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Re: LSB rc script installer requirements #1

> Possible:
>  1. abstract names for each stage of the start sequence
>  2. no more numbers ... list of symbols that order the start sequence

Numbers are a bit silly, yes.  The real problem, as I see it, is that
some things depend on other things to be running first.  There's no
clear way to "group" things, though.  I suppose you could group with
some scheme like:

	. system device setup (kerneld, apmd, pcmcia, etc)
	. low level service setup (networking, loggers, etc)
	. system daemons (cron, sendmail, etc)
	. user daemons (xfstt, etc)

(Not sure you need to separate the last two, however.)

The problem becomes one that within those groups some things need
to start before others (or can).  So, do you divide the groups
farther?  Not really...you end up with a single item in one group.
(Take, for example, a scenario where syslog were configured to
log to the network instead of locally...it's going to need networking
setup before logging, probably.)

To relieve that, I'd propose we have the ability to have dependencies
within the groups.  Yes, it's starting to sound very complex, but
I think for the most part the only people who will care about
dependencies are going to be the distribution builders, not the
ISVs.  Sure, we can document it for all to use, but my bet is all
they need to know is which of the above groups to stuff their daemon
into and they probably don't care about other items in that group (sure,
there will be exceptions...perhaps firewall companies or whatever might
care about dependencies, but Oracle probably wouldn't).

Now, why bother with groups at all and not just use dependencies?  It's
my experience that this would probably cause more confusion and problems
than it's worth.  An ISV (or me, for that matter) would have to decide
exactly which daemons the app required to be running first, then list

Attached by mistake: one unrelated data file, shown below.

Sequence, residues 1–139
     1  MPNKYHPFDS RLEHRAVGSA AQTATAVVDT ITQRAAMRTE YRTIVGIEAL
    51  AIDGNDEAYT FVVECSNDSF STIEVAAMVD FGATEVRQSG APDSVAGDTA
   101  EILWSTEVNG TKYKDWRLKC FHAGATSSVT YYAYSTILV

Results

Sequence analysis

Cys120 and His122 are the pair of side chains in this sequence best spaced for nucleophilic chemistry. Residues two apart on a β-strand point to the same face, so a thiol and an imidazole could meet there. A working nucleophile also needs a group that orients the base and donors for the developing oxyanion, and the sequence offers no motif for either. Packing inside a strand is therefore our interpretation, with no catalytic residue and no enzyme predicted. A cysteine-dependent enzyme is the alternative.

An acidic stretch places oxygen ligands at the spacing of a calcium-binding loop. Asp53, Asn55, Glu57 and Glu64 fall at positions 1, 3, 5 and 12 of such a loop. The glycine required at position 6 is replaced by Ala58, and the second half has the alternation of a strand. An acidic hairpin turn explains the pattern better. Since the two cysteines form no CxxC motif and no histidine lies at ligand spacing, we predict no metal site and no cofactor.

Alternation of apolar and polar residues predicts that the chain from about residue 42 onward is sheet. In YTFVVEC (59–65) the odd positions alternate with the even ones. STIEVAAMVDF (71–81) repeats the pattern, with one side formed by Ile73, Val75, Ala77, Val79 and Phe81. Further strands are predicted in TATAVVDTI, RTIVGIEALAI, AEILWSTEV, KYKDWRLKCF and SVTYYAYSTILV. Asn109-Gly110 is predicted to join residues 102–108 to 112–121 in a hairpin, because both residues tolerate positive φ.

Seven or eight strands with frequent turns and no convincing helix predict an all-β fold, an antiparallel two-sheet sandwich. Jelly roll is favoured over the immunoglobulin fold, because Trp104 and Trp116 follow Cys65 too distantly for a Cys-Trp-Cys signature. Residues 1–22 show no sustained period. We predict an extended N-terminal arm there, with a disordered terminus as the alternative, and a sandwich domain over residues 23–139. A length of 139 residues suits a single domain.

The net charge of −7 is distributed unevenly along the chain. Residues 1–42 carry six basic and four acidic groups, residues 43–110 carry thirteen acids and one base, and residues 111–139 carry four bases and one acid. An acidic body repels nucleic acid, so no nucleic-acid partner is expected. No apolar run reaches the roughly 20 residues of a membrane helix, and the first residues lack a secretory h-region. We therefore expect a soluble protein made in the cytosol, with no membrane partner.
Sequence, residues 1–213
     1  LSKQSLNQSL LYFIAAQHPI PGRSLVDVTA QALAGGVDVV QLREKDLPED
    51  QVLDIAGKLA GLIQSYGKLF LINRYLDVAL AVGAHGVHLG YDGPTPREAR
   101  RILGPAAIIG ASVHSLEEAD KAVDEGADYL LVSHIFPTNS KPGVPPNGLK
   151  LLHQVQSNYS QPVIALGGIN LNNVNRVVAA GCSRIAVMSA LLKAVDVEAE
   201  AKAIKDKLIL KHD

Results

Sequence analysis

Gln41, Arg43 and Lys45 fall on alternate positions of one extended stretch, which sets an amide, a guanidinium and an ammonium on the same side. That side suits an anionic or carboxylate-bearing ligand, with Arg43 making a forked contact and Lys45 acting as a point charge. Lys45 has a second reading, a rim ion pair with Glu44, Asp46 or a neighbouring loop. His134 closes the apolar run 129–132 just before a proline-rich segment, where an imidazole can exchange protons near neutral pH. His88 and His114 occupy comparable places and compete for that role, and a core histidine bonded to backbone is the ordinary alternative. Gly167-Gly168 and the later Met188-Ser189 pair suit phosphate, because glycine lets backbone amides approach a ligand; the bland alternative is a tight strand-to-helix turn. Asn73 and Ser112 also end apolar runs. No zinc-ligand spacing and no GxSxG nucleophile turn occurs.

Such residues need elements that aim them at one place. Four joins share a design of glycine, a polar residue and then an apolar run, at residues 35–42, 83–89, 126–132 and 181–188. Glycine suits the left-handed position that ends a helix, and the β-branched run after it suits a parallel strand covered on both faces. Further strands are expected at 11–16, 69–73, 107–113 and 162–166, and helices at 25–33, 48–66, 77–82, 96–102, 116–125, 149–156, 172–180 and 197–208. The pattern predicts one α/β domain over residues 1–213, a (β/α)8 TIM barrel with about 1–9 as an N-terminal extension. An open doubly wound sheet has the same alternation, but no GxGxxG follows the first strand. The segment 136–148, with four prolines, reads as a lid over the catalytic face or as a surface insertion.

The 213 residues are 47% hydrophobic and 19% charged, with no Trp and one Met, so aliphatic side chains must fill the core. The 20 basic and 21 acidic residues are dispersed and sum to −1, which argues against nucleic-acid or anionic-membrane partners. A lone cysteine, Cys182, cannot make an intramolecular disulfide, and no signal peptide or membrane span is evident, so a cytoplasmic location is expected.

those as pre-reqs, then risk those already depending on one another or
causing circular problems by not understanding what really does need to
start first.  Perhaps others have thoughts on ways that dependencies only
might work.

I hope I'm not jumping way out on a limb too early.  But it seems to me
that we have to talk about *how* the ordering is going to happen fairly
early in this process.

>  3. must be extensible
>  4. no shell scripts
>  5. user-definable runlevels
>  6. more than 6 runlevels

What's the point of having more than 6?  Do you just mean something
like "typical systems will have 6, but users may create more if they
choose?"  Or what?  I certainly see no reason to have more than 6 out
of the box...we don't completely use the ones we have now.  I can see
why users may want to create their own, however.

>  7. internationalization
>  8. define standard run level mappings (1 = halt, etc.)
> Assuming nobody disagrees with the overall requirement, I'd like to
> hear what different ISVs and distributions on this list think about
> the 8 above items.  If any significant additions to the list of
> possible requirements are posted, I will post another requirements
> summary (this is the first summary, hence the #1).
> I ask that everyone try to not discuss implementation details except
> as necessary to discuss the list of requirements.  ;-)

I don't think I stepped out of bounds above.  What I propose isn't
really a set of symbols, either.  The app would simply need to specify
which group it belonged to, which runlevels it wanted to live in, and
optionally which services it depended on (ie if it were a firewall
script it probably would need to live in low level service setup and
probably would depend on networking being started first).


   Donnie Barnes    http://www.redhat.com/~djb    djb@redhat.com   "Bah."
   Challenge Diversity.  Ignore People.  Live Life.  Use Linux.  879. V. 
                   If you pick it, it'll never get well.

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